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Wall Street falls after Powell vows ‘aggressive’ inflation action

Wall Street falls after Powell vows 'aggressive' inflation action
© Reuters. FILE PHOTO: Traders work on the floor of the New York Stock Exchange (NYSE) in New York City, U.S., March 17, 2022. REUTERS/Brendan McDermid


By Stephen Culp

NEW YORK (Reuters) – Wall Street slid on Monday, dipping deeper into negative territory after U.S. Federal Reserve Chairman Jerome Powell suggested a more aggressive tightening of monetary policy than previously anticipated, adding to ongoing uncertainties regarding the Russian invasion of Ukraine.

All three major U.S. stock indexes were poised to snap their four-session winning streaks on the heels of their best weekly percentage gains since early November 2020.

Powell said the central bank must move “expeditiously” to combat inflation, in remarks before the National Association of Business Economics conference, adding that bigger-than-usual interest rate hikes could be deployed, if needed.

Referring to Powell’s comments that inflation is “much too high,” Oliver Pursche, senior vice president at Wealthspire Advisors in New York, said “three months ago, it was ‘transitory,’ a month ago it was ‘elevated.’ That’s a hell of a progression.”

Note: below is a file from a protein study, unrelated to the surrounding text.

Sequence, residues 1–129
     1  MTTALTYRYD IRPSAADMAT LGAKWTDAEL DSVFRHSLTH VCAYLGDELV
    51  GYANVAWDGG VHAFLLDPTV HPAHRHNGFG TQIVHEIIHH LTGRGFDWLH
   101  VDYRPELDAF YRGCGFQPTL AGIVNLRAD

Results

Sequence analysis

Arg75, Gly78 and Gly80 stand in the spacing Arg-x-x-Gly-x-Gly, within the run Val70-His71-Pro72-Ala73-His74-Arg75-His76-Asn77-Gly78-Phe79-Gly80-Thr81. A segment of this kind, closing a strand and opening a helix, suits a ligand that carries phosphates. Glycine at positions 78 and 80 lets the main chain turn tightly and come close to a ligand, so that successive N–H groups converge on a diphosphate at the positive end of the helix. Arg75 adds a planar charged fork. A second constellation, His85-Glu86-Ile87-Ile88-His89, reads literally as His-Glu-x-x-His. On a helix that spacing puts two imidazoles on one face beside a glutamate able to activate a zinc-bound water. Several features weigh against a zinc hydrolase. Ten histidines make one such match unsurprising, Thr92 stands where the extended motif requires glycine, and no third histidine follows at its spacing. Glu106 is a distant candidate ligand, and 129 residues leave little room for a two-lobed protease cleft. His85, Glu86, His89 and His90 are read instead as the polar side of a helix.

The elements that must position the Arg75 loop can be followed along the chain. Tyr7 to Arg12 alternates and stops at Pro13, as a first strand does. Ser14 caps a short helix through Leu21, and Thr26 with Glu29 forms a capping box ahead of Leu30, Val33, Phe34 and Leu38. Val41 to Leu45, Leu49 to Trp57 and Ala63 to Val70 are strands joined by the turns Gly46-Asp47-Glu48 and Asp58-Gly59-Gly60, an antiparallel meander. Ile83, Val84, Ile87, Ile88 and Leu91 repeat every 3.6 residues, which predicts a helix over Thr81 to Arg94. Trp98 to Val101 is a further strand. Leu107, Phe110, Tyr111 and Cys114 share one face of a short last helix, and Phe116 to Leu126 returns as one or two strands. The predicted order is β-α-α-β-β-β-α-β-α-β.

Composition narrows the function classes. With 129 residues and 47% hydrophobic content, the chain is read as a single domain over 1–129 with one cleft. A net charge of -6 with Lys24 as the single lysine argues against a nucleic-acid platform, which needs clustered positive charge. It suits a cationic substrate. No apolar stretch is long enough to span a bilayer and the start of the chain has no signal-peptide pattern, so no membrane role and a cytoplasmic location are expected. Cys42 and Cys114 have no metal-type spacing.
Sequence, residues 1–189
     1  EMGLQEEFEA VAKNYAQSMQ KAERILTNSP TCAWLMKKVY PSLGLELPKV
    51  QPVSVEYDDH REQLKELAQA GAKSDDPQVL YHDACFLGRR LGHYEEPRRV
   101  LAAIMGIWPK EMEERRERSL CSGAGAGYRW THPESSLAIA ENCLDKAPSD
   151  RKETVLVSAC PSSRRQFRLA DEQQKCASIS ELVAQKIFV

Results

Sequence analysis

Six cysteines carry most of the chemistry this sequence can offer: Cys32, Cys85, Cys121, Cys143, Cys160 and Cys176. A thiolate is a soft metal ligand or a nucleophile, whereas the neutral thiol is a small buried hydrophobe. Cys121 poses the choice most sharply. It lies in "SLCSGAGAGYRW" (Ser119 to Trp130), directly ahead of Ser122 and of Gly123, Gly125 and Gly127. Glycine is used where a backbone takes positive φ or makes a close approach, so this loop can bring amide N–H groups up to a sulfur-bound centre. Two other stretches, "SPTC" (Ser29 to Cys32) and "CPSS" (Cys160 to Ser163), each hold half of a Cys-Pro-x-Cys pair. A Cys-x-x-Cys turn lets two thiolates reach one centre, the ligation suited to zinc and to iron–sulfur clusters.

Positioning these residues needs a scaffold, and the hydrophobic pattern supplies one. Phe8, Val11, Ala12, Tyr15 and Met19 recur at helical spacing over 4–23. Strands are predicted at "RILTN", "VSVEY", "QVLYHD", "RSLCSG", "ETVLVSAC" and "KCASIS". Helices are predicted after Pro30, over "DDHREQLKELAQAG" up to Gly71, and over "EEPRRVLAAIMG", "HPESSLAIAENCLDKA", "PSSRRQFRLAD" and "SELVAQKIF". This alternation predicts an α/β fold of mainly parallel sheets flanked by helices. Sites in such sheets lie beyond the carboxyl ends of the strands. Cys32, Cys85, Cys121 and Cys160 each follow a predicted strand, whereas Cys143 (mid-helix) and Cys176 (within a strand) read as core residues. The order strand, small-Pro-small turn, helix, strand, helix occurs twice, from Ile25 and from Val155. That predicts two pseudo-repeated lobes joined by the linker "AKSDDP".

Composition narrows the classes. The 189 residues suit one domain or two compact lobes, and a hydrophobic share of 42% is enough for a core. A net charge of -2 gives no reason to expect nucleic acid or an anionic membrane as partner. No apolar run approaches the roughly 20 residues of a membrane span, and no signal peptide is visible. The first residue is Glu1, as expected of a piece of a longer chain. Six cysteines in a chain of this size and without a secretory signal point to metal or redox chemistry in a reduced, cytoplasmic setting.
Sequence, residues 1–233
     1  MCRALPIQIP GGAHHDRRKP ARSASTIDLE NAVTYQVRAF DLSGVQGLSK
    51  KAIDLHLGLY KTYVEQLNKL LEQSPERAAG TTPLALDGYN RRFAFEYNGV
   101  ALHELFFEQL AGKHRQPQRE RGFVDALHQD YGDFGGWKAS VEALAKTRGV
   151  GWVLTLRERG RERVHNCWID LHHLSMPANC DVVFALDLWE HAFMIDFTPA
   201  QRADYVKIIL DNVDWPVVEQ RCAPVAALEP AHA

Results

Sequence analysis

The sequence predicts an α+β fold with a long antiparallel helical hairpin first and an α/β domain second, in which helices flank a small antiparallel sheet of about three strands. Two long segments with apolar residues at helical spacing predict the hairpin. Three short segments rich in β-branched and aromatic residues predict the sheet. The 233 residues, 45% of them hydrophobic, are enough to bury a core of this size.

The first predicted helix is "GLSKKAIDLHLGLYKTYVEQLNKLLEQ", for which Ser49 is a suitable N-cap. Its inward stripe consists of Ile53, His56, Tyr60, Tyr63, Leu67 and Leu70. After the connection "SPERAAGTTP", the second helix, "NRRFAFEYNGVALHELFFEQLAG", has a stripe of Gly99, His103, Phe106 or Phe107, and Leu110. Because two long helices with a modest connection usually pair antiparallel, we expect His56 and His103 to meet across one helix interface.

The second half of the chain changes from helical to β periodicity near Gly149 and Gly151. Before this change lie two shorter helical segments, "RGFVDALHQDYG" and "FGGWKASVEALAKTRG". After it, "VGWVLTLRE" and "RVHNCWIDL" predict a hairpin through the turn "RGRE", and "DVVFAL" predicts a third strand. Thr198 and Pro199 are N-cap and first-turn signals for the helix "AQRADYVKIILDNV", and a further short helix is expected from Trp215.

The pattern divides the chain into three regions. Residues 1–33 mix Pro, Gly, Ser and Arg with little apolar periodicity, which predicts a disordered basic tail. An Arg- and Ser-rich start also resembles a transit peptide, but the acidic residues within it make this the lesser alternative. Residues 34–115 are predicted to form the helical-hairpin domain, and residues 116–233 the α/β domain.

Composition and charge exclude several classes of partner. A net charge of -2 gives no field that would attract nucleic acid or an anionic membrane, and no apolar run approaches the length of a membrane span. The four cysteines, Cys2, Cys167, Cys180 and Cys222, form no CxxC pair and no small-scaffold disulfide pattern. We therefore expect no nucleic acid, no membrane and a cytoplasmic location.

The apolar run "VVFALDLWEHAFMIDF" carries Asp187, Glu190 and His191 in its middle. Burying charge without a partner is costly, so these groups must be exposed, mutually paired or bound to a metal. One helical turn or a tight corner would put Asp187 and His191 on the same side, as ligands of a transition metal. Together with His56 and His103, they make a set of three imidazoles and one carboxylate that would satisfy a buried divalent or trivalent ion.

“And the market is trying to figure it out, what those statements mean as it pertains to interest rate hikes and whether it increases the likelihood of a couple of 50 basis-point hikes down the road,” Pursche added.

Fed funds futures now imply a 60.7% chance of a 50 basis-point hike in key interest rates at the Fed’s next meeting in May, up from 52% before the text of Powell’s speech was released.

Fighting raged on in Ukraine as efforts to negotiate an end to the conflict appeared to be making little progress.

Crude prices continued to surge as the European Union weighed joining the United States in banning Russian oil [O/R], which raised supply concerns and helped put energy shares out front.

The Dow Jones Industrial Average fell 323.21 points, or 0.93%, to 34,431.72, the S&P 500 lost 21.81 points, or 0.49%, to 4,441.31 and the Nasdaq Composite dropped 142.76 points, or 1.03%, to 13,751.08.

Of the 11 major sectors in the S&P 500, energy was the clear winner, with communication services suffering the biggest percentage loss.

Shares of Boeing (NYSE:BA) Co slid 4.1% after one of its 737-800 aircraft operated by China Eastern Airlines (NYSE:CEA) crashed in southern China with no apparent survivors.

The rising geopolitical temperature helped defense stocks. Despite Boeing’s decline, the S&P 500 Aerospace and Defense index rose 1.1% with Lockheed Martin (NYSE:LMT), Raytheon (NYSE:RTN), Northrop Grumman (NYSE:NOC) and General Dynamics (NYSE:GD) up between 2% and 4%.

A Moscow court labeled Meta Platforms Inc an “extremist organisation,” upholding a decision to ban Facebook (NASDAQ:FB) in Russia. Meta’s shares were down 2.9%.

Alleghany (NYSE:Y) Corp surged 24.3% after Warren Buffett’s Berkshire Hathaway (NYSE:BRKa) Inc struck an $11.6 billion deal to buy the owner of reinsurer TransRe.

Declining issues outnumbered advancing ones on the NYSE by a 1.67-to-1 ratio; on Nasdaq, a 1.91-to-1 ratio favored decliners.

The S&P 500 posted 36 new 52-week highs and no new lows; the Nasdaq Composite recorded 45 new highs and 35 new lows.

Source: Investing.com

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